Following scores of lawsuits filed against the Department of Health and Human Services (HHS) over its mandate requiring employers to provide abortion-causing contraceptives to employees, the Obama administration has offered another proposed compromise on February 1 that would supposedly allow religious non-profits to opt out of the oppressive rule. But conservative and Christian opponents of the mandate said the change has major flaws, not the least of which is that it does not exempt Christian owners of private businesses from what they feel are immoral requirements.
Rolled out over a year ago as part of Obama's socialist healthcare act, the mandate was originally set to exempt only churches from forced abortifacient and contraceptive distribution. But as a steadily increasing number of faith-based universities, hospitals, foundations, and other religious non-profits — along with private businesses owned by Christians — have filed suit to stop enforcement of the mandate, citing their moral opposition to abortion, the Obama administration has been forced to rethink its strategy.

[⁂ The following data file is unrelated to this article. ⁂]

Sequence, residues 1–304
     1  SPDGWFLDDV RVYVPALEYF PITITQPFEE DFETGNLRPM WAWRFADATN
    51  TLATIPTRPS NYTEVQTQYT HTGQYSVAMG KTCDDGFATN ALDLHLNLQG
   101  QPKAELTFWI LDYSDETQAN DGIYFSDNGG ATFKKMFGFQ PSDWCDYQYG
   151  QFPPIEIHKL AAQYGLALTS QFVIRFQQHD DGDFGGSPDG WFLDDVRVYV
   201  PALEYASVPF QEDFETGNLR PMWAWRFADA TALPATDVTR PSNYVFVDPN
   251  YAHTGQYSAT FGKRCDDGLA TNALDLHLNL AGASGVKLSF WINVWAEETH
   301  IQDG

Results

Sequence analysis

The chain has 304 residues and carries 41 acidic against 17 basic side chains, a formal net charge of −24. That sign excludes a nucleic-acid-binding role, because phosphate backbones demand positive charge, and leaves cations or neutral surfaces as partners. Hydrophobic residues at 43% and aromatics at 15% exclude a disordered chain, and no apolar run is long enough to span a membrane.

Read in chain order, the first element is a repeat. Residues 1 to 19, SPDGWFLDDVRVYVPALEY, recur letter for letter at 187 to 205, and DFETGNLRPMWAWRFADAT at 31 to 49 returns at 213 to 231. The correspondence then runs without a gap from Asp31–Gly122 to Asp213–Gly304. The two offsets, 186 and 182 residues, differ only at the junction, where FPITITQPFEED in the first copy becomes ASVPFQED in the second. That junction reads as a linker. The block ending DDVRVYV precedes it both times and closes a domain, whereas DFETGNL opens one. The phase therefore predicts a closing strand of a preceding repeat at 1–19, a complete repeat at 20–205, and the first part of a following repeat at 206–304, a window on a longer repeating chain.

That led to the administration's announcement February 1 proposing a change to the mandate, allowing nonprofit religious organizations to join churches on the list of exempt entities. The White House said the change was meant to balance Obama's insistence that employers provide birth control to their employees with the objections “religious employers” have to being forced to subsidize something they consider morally wrong. “He's been very clear about what he believes are two compelling interests,” said White House press secretary Jay Carney of the president's motive: “which is the necessity of and the appropriateness of providing preventive services to women across the country, including contraception, and of making sure that we are mindful of religious liberty.”
The New York Times explained that under the complex set of proposed changes, “churches and nonprofit religious organizations that object to providing birth control coverage on religious grounds would not have to pay for it. Female employees could get free contraceptive coverage through a separate plan that would be provided by a health insurer. Institutions objecting to the coverage would not pay for the contraceptives.” The Times noted that insurance companies would end up bearing the cost of the scheme, “with the possibility of recouping the costs through lower health care expenses resulting in part from fewer births.”